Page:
To some of you, it may feel like it's only been a few months since AMD took the HEDT market by storm. That's because it was only a few months ago when AMD took the performance crown with the launch of their Threadripper 3000 series processors. Apparently having the fastest HEDT processor wasn't good enough for AMD, and the lack of competition in this market meant they had to become their own competitor. Enter the Ryzen Threadripper 3990X, AMD's proof that you can solve all of your problems by throwing more cores at it!
In this review, we will be going over the various features of the new Ryzen Threadripper 3990X, how it performs against AMD's last generation flagship and it's performance relative to the current consumer processing kings on both the Red & Blue teams. Feel free to use the hyperlinks below to skip to various sections of this review. Without further ado, let's get this show started!
3000 Series Pricing & Specifications
AMD Ryzen™ Threadripper™ 3960X
AMD Ryzen™ Threadripper™ 3970X
AMD Ryzen™ Threadripper™ 3990X
3.8GHz / 4.5GHz
3.7GHz / 4.5GHz
2.9GHz / 4.3GHz
12MB L2 Cache
128MB L3 Cache
16MB L2 Cache
32MB L2 Cache
256MB L3 Cache
4x 6-core CCDs
4x 8-core CCDs
8x 8-core CCDs
~3.9 billion per CCD
~8.34 billion for IOD
74mm² per CCD
416mm² per IOD
7nm for CCDs (TSMC)
12nm for IOD (GloFo)
Socket sTRX4 (LGA 4094)
AMD TRX40 (15W peak TDP / 14nm GloFo)
AMD Zen 2
CPPC2 Fastest Cores
2x in CCD4
Socket Power Infrastructure
280W PPT, 300A EDC, 215A TDC
This review will focus specifically on the Threadripper
3990X, however it’s important to understand exactly where it sits in the rest
of the Threadripper 3000 product stack. AMD is offering a 24 core, 48 thread
3960X as the entry level processor for this platform. Next, we have the 32 core, 64 thread 3970X which sits in the middle
of the stack. Prior to the launch of the 3990X, it was the king of HEDT and
still offers insane performance for its asking price. Lastly, we have the main
event, the Threadripper 3990X. Boasting 64 cores, 128 threads and a massive
256MB cache, it’s unlike anything on the market.
Zen 2 Architecture Overview
Looking at the numbers on paper, it’s easy to see why the 3rd
generation Threadripper CPU’s are dominating the HEDT market, but it’s
important to understand exactly why, and how AMD managed to pull it off. One of
the key areas to their success was the topology of their 3rd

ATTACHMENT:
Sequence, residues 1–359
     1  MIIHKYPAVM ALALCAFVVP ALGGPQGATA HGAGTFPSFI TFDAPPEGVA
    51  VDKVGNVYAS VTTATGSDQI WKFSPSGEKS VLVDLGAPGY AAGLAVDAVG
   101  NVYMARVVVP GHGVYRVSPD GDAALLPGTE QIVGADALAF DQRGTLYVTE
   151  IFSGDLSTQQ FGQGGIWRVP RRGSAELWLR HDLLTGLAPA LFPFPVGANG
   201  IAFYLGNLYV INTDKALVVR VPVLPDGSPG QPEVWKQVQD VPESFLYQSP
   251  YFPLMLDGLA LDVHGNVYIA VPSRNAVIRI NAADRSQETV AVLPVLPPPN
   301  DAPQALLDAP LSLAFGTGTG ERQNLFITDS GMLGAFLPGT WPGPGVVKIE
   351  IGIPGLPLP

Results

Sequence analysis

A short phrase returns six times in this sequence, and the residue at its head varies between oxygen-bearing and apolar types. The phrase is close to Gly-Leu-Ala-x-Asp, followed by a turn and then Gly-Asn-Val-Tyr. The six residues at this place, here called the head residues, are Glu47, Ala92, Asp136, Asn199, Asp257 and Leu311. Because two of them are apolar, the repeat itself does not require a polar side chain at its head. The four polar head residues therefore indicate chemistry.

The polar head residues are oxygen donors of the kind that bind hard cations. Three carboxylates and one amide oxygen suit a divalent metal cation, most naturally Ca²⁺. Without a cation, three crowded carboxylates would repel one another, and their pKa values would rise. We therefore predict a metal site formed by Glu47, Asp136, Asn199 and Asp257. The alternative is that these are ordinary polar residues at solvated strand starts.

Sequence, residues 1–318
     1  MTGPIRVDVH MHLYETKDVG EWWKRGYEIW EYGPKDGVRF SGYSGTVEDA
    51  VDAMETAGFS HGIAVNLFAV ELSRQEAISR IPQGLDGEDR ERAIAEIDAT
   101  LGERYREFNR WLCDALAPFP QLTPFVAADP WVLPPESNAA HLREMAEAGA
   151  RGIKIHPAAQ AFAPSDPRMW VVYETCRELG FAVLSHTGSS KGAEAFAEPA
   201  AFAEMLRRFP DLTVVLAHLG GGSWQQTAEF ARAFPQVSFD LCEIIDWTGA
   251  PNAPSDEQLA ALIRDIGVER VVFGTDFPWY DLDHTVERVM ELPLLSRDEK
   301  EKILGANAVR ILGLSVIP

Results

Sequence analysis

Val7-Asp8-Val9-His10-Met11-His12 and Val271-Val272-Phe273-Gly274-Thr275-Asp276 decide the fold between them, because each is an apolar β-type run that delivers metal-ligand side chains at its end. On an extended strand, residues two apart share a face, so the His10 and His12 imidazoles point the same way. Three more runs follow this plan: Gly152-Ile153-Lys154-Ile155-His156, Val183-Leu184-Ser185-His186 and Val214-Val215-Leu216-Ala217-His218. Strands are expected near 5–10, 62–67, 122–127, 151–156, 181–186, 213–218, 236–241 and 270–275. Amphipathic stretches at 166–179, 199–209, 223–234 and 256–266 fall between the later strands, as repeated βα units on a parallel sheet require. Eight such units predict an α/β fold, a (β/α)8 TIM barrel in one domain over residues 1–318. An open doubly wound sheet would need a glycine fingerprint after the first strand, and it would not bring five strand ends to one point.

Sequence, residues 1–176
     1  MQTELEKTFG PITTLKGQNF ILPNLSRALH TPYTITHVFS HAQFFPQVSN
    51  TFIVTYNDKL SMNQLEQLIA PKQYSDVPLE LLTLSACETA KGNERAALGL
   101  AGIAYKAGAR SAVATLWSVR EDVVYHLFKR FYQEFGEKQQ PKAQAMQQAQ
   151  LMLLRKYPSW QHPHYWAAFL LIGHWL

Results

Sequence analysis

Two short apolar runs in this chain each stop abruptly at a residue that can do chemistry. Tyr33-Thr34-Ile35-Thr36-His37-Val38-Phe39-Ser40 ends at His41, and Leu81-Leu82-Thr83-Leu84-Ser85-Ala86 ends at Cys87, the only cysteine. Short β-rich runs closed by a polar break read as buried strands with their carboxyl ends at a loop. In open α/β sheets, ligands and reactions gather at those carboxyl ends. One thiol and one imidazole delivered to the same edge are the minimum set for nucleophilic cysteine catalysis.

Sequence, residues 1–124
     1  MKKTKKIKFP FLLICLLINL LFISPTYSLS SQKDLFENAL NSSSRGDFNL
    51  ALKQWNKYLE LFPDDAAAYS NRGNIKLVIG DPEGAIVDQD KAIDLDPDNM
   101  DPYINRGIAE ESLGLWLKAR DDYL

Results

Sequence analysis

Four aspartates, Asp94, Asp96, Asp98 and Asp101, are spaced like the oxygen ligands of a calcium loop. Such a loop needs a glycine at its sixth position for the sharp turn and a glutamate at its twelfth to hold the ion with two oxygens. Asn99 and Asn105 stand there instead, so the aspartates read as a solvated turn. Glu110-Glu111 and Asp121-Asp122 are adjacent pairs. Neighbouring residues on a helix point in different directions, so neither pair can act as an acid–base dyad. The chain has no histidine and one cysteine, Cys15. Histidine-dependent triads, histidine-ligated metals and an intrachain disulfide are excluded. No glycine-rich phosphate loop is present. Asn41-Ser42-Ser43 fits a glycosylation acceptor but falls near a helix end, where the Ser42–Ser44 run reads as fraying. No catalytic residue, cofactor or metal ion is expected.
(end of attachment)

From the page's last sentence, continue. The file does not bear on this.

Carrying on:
generation Ryzen processors. As with the previous Ryzen generations, AMD is
using an MCM or Multi-Chip Module design over the single, more traditional
monolithic die. The biggest difference with this generation of Ryzen processors
is that AMD has moved their central IO functions off the processor die, and on
to its own I/O die.
Image courtesy of AMD
As you can see in the image above, there are multiple CCD’s
or Core Chiplet Die’s that contain the Zen 2 CPU cores and their respective L3
caches. All of this is connected to a central I/O die that is responsible for
providing each CCD access to PCIe lanes and system memory. You will likely
notice that there are multiple memory controllers on this I/O die, and that
everything is weaved together by small blocks marked with the infinity symbol ∞. This symbol represents
AMD’s Infinity Fabric, a high-speed interconnect through which all these dies
are woven together. This unique design also allows AMD to scale their
processors in a very dynamic manner as they can simply pick and choose each CCD
configuration for their processors. It also allows AMD to improve their yield
rates and reduce waste by using the dies that didn’t perform to their original
standards in a different capacity.
The current 3rd generation Threadripper product
stack is a great example of this in effect. For an example, let’s say AMD
designed a 32 core Threadripper with a 4x 8-core CCD configuration. Let’s also
say that in the process of picking out the best 8-core dies, they noticed that
some of the cores were unable to meet the standards that they designated for
this 32-core processor. Instead of throwing the dies away and wasting silicon,
AMD can modify the dies and design a 4x 6-core CCD configuration to create a 24
core Threadripper. The improved yields and waste reduction aside, this also
plays an important role in filling a void in a market. Without this practice,
you may end up with a wider product stack with a wider gap of prices and
nothing to fit in between, making it difficult for consumers to find the best
product for their budget. This is also true for the 3990X, which is made up of the very same dies used in AMD's EPYC server lineup of processors.